• Oh yes, I once saw this but forgot it... You go up! :)
    – kliketa
    Jan 29, 2009 at 18:17
  • very funny what the code highlighter did to the snippet
    – Marek
    Feb 2, 2010 at 19:25
  • 6
    Be warned, writing in Inform is not half as intuitive as reading it is! Fun, though. Feb 5, 2010 at 15:08
  • Can you do anything useful in this language?
    – yazz.com
    Feb 14, 2010 at 8:21
  • 2
    @Zubair: Well, the language is very good at what it is designed for, which is the creation of text adventure games. It is actually remarkably robust at handling the vargaries of language, but it can also handle more abstact concepts like those that would be found in a puzzle oriented game. Many objects are pre-built into libraries, but a programmer can choose build objects with arbitrary sets behaviors from scratch. Not surprisingly, the more abstract the concept, the further the language deviates from what one might deem "natural."
    – Beska
    Feb 15, 2010 at 13:34

Depends on what circles you roll in, but LOLCODE could be considered like natural language ;)

Example loop:

        UP VAR!!1

On a serious note, VB is a pretty natural language. It's easy for non-programmer types to learn, so the syntax must be pretty easy to understand.

  • 1
    Heh, I'm not sure what natural language that is. ;)
    – Sasha
    Jan 29, 2009 at 15:21
  • I also suggested VB - but got downvoted. Annoying. I've got to agree though, LOLCODE is brilliant :)
    – Sampson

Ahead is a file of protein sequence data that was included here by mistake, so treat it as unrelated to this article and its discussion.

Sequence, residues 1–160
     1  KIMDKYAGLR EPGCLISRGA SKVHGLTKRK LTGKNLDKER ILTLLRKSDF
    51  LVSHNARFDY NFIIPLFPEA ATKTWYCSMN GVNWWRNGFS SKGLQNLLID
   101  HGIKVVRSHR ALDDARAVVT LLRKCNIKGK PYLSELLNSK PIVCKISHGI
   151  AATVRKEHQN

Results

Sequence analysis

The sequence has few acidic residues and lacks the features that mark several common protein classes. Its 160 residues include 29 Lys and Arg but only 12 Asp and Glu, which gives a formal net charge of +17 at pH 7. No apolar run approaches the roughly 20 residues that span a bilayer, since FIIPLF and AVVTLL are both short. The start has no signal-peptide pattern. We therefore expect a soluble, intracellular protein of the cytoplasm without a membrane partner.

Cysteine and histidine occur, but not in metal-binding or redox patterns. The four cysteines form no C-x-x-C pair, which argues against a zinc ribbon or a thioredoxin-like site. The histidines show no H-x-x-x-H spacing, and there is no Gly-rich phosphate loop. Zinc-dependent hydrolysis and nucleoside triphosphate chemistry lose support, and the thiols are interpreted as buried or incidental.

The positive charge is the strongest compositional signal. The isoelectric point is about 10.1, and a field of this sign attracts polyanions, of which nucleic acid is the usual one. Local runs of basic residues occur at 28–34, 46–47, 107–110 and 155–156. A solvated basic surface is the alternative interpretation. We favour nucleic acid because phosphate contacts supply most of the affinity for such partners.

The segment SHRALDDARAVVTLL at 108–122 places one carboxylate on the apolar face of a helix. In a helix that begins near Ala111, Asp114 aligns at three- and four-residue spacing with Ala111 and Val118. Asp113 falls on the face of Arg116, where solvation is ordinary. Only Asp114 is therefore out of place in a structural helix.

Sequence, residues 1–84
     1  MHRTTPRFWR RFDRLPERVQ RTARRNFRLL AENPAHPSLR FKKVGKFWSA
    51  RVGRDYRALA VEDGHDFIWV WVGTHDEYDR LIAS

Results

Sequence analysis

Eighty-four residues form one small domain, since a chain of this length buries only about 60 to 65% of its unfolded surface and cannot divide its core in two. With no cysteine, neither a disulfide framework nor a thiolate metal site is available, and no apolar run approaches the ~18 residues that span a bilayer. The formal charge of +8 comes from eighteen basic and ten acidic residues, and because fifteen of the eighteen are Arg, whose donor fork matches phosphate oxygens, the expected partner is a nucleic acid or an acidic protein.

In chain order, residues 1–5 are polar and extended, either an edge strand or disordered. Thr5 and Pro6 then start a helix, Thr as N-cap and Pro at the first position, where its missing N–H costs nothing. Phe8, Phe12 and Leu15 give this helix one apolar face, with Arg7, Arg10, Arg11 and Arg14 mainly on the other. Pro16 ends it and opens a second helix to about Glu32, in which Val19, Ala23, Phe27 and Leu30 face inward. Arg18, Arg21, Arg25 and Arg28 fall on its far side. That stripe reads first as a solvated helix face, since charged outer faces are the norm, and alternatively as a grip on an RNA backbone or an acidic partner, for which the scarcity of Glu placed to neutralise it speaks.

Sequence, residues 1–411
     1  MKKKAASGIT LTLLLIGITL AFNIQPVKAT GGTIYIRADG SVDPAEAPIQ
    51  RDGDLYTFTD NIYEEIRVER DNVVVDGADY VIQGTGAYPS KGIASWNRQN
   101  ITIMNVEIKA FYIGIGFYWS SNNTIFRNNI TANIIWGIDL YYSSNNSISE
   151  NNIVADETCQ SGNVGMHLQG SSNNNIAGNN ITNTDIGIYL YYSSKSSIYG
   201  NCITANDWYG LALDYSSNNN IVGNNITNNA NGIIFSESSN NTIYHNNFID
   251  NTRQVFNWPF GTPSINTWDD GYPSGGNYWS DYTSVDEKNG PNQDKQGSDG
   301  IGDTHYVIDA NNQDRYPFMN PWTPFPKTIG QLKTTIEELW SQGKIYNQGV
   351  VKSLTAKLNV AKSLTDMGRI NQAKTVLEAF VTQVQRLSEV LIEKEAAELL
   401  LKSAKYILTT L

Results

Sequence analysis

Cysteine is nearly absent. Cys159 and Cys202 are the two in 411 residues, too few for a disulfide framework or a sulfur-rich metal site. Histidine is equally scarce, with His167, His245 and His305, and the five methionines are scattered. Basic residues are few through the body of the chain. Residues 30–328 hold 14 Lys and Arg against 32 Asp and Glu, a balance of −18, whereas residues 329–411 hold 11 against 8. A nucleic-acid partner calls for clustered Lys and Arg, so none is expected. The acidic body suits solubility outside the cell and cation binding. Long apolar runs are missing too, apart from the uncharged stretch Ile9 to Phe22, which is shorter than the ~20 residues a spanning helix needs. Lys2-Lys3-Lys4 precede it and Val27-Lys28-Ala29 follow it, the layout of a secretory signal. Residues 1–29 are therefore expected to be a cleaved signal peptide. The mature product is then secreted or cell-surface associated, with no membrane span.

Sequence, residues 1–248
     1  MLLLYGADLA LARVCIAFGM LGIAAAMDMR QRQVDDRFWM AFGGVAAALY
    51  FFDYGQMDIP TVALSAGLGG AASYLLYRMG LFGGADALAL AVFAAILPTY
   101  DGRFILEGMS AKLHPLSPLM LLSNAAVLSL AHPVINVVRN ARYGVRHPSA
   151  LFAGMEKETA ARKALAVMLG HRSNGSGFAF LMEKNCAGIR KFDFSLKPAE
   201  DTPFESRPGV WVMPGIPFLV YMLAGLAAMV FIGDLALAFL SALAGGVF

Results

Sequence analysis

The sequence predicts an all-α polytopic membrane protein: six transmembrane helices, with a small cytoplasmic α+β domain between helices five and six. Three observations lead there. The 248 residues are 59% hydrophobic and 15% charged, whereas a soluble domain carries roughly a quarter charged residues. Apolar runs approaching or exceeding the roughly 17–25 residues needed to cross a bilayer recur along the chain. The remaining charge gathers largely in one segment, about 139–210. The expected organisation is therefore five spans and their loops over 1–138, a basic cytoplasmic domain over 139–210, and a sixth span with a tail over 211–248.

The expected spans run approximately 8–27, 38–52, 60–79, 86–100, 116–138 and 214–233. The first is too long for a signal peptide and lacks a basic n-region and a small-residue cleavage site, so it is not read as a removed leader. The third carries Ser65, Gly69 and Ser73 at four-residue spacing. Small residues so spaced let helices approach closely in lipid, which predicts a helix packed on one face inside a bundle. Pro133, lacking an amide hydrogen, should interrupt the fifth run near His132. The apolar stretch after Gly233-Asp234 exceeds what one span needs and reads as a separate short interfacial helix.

Jan 29, 2009 at 15:31
  • Ya, VB doesn't get a lot of love.
    – EBGreen
    Jan 29, 2009 at 15:33
  • It may not get a lot of love, but people can't really deny that it's easy to understand. Hence there are a lot of junior-grade VB programmers running around giving the language a bad name.
    – Alex Fort
    Jan 29, 2009 at 15:35
  • 11
    Sorry but VB is not a natural language.. I understand if you have been coding in VB for a while so it can look natural to you, so maybe your eyes have been VBfied
    – TStamper
    Apr 7, 2009 at 21:31

The language Richard Pryor used to transfer millions of dollars with in Superman III was very close:



EDIT: characters corrected ;-)


COBOL reads a lot like English

100300 BEGIN.
100500     DISPLAY "Hello world!" LINE 15 POSITION 10.
100600     STOP RUN.
100800     EXIT.


  • 22
    When I used COBOL, we didn't have line numbers. We had to read it both ways, uphill, in neck-deep snow. Jan 29, 2009 at 18:27
  • 17
    I heard that when COBOL was released, many people expected that there would be no more professional programmers within a few years - since obviously, COBOL was so easy to use that anyone who needed a program could write it themselves. Jul 28, 2009 at 11:56

Lisp (of course (if you know what I mean (LOL)))

  • 12
    oh... i get it (damn right (it's really funny))! Jun 11, 2009 at 21:18
  • 3
    (Read from in to out (Wrong!)) Jun 26, 2013 at 16:37
  • (yeah! (programming in lisp (is fun)))
    – Asur
    Apr 16, 2015 at 3:47
  • LISP == Language Involving Speech Pathology. Jul 6, 2017 at 20:13

Good 'ol AppleScript touts its likeness to english as one of its strengths. However, it's not very fun to work with.

  • 9
    tell author "bartek" "I tend to agree" end tell
    – plinth
    Jan 29, 2009 at 16:23
  • 13
    AppleScript is a read-only language =) Feb 27, 2009 at 18:09